“Coordination between civilian and military authorities is functioning correctly,” government spokeswoman Pilar Armanet said.
“We are attempting to normalize basic services, with the difficulties that implies.”
In a sign of the government’s alarm over deteriorating conditions, Defense Minister Francisco Vidal announced that the curfew imposed for Concepcion and its surroundings would be lengthened to begin Monday night at 8 and extend to noon Tuesday.
Deputy Interior Minister Patricio Rosende sought to calm the public amid reports of roving mobs and vigilantes in suburbs around Concepcion.
“Undoubtedly we can’t have the military on every corner, but public order is in the hands of the armed forces and you must trust in that,” he said.
In Concepcion, rescue efforts centered on a 15-story apartment building that collapsed onto its side.
Rescue workers equipped with search dogs and architectural blueprints sliced through concrete and punched triangular holes into the side of the building in hopes of finding survivors.
On Sunday, eight bodies and about two dozen survivors were pulled out, but many people were believed trapped.
Early Monday, fire brigade commander Juan Carlos Subercaseaux reported signs of life on what had been the building’s sixth floor.
“We heard knocking and some glass being broken,” Subercaseaux told reporters at the site.
By afternoon, another body had been recovered and rescuers continued the search for survivors.
In Santiago, the capital, life crept slowly back to normal Monday, with many people driving to work but also with long lines at supermarkets and gasoline stations. The start of school after the Southern Hemisphere’s summer vacation was postponed until next week.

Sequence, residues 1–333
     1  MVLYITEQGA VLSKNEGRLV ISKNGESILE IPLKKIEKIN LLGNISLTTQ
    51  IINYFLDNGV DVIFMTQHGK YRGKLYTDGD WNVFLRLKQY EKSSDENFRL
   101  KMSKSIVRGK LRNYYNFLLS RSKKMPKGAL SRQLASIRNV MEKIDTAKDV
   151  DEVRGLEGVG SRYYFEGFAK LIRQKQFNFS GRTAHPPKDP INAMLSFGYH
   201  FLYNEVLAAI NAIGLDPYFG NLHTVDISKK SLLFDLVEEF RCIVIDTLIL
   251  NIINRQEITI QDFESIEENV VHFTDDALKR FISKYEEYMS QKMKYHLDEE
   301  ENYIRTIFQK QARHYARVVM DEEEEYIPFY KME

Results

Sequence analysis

Slow to ask for help, Bachelet has said she would welcome international aid.
The United Nations said Monday that it would rush deliveries, and Argentina announced that it was sending a field hospital and water treatment supplies.
In Washington, U.S. officials said Monday that Chile has made modest requests of the United States so far, leaving it unclear whether the Obama administration would mount a major effort for the earthquake-stricken country, as it has for Haiti and others.
Philip J. Crowley, the State Department’s chief spokesman, said the United States has so far been asked to contribute a field hospital, communications equipment and water filtration equipment.
U.S. Secretary of State Hillary Rodham Clinton, who will arrive in Santiago Tuesday as part of a five-nation Latin America tour, will bring satellite equipment.
Crowley said the United States “will stand ready to support them in any way.” But he said the Chileans are well prepared and are assessing how much outside help they need.
The United States has not formed a task force to deal with the emergency, as it did quickly with the earthquake in Haiti, Crowley said. American search and rescue teams from Los Angeles and Fairfax County, Va., are on standby but haven’t been asked to help, he said.
U.S. officials said they sent the Chilean government a 10-page “grocery list” of available items, services and workers, including American cardiologists, orthopedists and anesthesiologists.
Times staff writer Paul Richter in Washington and special correspondent Claudia Lagos in Santiago contributed to this report.